- 3 Comments
- Last updated: 13/12/2016
I encountered this intriguing gun on my recent trip to the Fabarm factory in Brescia in Northern Italy. This firm now makes nearly 30,000 guns a year - that’s quite a figure when you consider how few guns are now made in the UK. It is also no secret that I have a soft spot for a good semi-automatic - and the XLR5 proved to be nothing less. First impressions were, in fact, very good (much better than some of the cheaper semis that we have been encountering recently). The styling is modernistic, but attractive and functional. There are a few bells and whistles - but they were not excessive.
Lightweight, Back Bored and Real Wood Too!
The gun, indeed, has some character - unusual these days - and it comes to the shoulder well too. It is svelte and quite light, the 28” model tested weighing in at something around the 6 ½ pound mark (although this is a guesstimate, as I did not have my scales with me in Italy). The XLR5 has a real wood stock - hurrah! - not the so called Triwood as had been seen on some models (though the Fabarm inked system was much better than the transfers used by some). The XLR5 also has a progressively back-bored, Tri-bore barrel, longer ‘hyperbolic’ choke tubes which are steel shot friendly, and a well finished, attractively decorated (laser engraved) matt grey action.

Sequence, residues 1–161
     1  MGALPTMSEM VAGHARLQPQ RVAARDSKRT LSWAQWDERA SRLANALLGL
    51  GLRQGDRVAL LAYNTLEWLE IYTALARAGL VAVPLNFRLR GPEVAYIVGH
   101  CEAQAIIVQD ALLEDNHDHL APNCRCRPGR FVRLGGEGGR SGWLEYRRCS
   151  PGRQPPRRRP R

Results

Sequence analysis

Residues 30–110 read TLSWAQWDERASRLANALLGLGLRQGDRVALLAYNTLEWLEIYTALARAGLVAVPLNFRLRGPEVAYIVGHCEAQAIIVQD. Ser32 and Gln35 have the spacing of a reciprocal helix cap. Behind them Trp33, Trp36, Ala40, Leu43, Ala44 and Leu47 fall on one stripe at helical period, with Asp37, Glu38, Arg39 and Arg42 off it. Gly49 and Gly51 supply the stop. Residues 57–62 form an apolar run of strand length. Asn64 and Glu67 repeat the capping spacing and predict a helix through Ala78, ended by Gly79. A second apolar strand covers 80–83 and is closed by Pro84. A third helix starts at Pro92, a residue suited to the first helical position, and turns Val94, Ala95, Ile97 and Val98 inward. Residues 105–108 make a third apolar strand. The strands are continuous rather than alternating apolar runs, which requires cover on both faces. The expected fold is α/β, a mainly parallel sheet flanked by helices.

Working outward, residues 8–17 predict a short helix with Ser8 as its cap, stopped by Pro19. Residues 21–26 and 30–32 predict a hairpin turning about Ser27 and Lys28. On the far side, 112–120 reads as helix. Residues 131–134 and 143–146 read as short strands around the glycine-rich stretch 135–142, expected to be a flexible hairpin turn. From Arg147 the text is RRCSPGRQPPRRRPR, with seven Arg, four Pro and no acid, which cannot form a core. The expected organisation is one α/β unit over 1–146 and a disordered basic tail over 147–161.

“We changed the receiver manufacturing process,” the factory representative told me, “starting with the extrusion of a block of ERGAL [aircraft grade aluminium]”. The machining has been simplified and improved, “We can now do something better, more solid, more elegant and we can reduce manufacturing cost spending more money on wood and engraving .” Obviously there is a bit of hype in this - everyone is trying to sell their product - but the XLR5 really is a good looking and innovative gun, and I will not be giving too much of the game away at this stage if I note that it shoots well too.
It does not suffer from pretend wood as noted. It has a shim system adjustable stock (a really useful feature as seen on Berettas and Benellis as well). The styling is particularly good (a Fabarm strength). The gun is also exceptionally safe being tested to 1630 bar at proof. Most unusually, because of its cleverly profiled, smooth curved, long, ‘hyperbolic’ chokes, one can even put steel shot through a full choke constriction. My only small gripe is that I am not quite sure about the laser cut stipple chequering and the Flash Gordon panel design (but, hell, I suppose I am going to have to accept some aspects of the modern world).
On the mechanical front, the XLR5 is a gas operated semi-automatic and it has an interesting ‘pulse’ gas regulation system. It does not have the usual valve to bleed off excessive pressure as the Beretta 390s and 391s. Rather, you have barrel with the usual ports and collar, but a rather special piston. Gas arrives in a cylinder/collar in the usual manner and acts on a two part piston unit. It is made from polymer and stainless steel. The gas acts on the stainless component and compresses the polymer. This expands to a degree dependent on the load and regulates the speed of reloading by the resulting change in friction. Very clever. Moreover, nearly all of the gas created by the combusting propellant is used, which makes it especially efficient.